Kentucky GOP renews efforts to tighten controls on public benefits


House Republican leaders introduced a new plan to tighten controls on the state’s public benefit system, like food assistance and Medicaid, in a sweeping measure tabled this week.

House Bill 7 follows several years of previous efforts to restructure public assistance programs. These efforts have been controversial with advocates, who have said the changes are too harsh and will create barriers for people to get the help they need.

The new measure, sponsored by Representative David Meade, Acting Speaker, and House Speaker David Osborne, revives some of the previous proposals and would create a new legislative “public assistance advisory and oversight committee” as a watchdog. custody benefit programs.

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It adds a host of new rules for benefits like the Supplemental Nutrition Assistance Program, or SNAP, formerly known as food stamps, Medicaid and cash assistance for the poor, and charges the Cabinet for Health and family services to implement them.

And the bill would allow the attorney general to sue the firm if it fails to follow certain rules.

A spokeswoman for Meade, R-Stanford and Osborne, R-Prospect, did not immediately respond to a request for comment. In 2020, when both presented a similar billthey said it was designed to crack down on fraud and encourage more people to leave public assistance and get jobs.

Speaker of the House David Osborne, R-Prospect, speaks about a proposed redistricting plan on December 30, 2021 in Frankfurt.

A spokeswoman for the firm, which would administer most of the changes, said it would hurt Kentuckians “including vulnerable people who receive health coverage through Medicaid and food assistance through SNAP, which has been so important during COVID.

“Overall food insecurity in the United States is 10.9%,” spokeswoman Susan Dunlap said in an email. “Here it’s 14.4%. Among children nationally, the percentage is 14.6. Here it’s 17.9%.”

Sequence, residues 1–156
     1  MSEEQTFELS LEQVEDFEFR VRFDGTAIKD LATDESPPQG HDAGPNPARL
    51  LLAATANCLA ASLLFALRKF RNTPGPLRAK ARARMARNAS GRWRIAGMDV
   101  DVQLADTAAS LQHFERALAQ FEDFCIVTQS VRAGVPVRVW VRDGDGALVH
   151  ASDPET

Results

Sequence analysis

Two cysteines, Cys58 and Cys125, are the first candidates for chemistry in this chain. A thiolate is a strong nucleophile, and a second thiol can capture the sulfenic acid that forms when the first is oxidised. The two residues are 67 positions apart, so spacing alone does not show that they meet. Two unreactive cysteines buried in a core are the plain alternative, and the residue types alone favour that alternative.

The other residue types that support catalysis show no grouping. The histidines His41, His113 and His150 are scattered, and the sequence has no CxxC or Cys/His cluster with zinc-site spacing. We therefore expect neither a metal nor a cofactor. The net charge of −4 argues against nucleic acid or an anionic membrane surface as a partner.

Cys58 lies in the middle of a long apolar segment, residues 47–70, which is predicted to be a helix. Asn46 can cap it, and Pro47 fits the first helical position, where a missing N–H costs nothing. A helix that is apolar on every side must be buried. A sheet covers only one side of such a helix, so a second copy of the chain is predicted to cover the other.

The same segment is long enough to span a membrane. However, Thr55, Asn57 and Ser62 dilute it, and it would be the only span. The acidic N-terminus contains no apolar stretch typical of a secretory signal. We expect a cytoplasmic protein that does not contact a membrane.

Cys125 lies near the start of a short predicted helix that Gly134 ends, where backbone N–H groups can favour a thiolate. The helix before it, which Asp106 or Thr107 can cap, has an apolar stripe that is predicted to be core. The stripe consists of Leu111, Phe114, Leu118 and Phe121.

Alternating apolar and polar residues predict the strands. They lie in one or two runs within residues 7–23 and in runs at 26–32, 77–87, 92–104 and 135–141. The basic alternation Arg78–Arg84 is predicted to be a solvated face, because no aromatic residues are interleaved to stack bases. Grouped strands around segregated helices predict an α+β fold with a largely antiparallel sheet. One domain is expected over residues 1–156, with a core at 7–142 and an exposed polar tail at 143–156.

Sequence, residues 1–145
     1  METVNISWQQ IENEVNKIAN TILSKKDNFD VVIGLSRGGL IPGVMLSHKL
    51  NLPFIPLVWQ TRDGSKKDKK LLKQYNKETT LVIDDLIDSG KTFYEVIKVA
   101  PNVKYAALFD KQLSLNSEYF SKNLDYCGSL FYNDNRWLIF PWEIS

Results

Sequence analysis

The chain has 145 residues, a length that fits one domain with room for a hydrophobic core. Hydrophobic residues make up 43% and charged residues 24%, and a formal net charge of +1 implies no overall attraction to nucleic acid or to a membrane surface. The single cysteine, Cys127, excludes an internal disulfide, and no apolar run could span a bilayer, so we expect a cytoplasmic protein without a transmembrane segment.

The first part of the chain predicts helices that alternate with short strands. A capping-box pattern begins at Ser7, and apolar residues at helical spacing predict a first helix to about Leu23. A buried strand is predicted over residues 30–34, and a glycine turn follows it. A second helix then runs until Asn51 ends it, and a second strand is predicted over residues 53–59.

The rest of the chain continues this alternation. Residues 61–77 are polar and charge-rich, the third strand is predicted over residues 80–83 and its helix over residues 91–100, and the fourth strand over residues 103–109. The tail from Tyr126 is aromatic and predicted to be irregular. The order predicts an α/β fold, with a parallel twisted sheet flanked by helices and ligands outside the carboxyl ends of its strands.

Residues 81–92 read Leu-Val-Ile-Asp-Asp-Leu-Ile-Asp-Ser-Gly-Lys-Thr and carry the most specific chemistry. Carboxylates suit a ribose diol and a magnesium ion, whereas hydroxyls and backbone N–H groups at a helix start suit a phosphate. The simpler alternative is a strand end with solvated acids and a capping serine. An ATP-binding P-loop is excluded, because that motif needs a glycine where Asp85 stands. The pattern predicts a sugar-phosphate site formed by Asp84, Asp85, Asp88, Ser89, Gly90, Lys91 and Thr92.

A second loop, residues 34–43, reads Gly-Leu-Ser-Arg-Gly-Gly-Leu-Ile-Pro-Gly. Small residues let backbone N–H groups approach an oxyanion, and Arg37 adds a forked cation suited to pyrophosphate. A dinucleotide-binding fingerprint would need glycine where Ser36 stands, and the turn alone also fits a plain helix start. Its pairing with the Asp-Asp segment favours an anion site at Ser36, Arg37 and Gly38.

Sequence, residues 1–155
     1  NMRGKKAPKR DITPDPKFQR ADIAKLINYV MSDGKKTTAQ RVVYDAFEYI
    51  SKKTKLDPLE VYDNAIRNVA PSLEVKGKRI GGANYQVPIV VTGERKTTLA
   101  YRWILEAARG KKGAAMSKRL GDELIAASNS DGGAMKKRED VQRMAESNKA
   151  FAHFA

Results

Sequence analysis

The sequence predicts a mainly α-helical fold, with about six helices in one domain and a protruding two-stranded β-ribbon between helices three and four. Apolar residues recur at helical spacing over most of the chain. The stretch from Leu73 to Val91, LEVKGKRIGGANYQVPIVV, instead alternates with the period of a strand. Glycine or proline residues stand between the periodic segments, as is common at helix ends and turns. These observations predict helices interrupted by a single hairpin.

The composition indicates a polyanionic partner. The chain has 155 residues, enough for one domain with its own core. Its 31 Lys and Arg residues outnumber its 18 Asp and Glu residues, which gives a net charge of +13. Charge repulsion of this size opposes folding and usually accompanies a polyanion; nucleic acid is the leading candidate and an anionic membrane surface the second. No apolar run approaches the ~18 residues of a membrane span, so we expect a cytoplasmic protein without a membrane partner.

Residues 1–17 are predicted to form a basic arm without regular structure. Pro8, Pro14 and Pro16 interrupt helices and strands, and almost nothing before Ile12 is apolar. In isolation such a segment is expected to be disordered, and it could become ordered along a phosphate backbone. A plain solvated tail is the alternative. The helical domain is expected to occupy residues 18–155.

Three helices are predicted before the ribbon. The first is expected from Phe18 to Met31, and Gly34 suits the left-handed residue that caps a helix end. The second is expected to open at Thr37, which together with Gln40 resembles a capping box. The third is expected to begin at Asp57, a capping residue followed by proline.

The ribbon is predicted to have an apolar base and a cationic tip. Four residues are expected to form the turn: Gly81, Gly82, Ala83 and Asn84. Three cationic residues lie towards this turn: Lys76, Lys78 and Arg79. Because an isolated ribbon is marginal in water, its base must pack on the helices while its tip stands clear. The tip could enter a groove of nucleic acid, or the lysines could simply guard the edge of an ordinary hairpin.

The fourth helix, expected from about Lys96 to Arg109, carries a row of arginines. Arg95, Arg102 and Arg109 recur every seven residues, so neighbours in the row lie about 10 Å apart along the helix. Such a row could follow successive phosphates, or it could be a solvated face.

She added that HB 7 would also have broader negative impacts within communities, including grocers who provide SNAP assistance, and hospitals and providers who provide health care to one in three Kentuckians.

Dustin Pugel, senior policy analyst for the Kentucky Center for Economic Policy, said the bill contains a host of new requirements and penalties that will likely make it harder for people to get and keep benefits.

“It’s kind of death by a thousand cuts in the safety net system,” he said. “There are a lot of small changes that will make things more difficult.”

Terry Brooks, executive director of Kentucky Youth Advocates, described the bill as a “mixed bag” with some elements that could benefit children but others that “are really problematic for Kentucky families.”

For example, Brooks said he supports increased efforts to provide drug treatment to those incarcerated and to protect victims of domestic violence from certain penalties.

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And the bill exempts payments for child care, kinship or child care from some of the proposed rules.

But Brooks said he fears a second instance of fraudulent transfer of a benefit card could result in a public assistance ban.

“None of us want abuse or fraud, but none of us want to create a permanent underclass of citizens who can never make ends meet,” he said.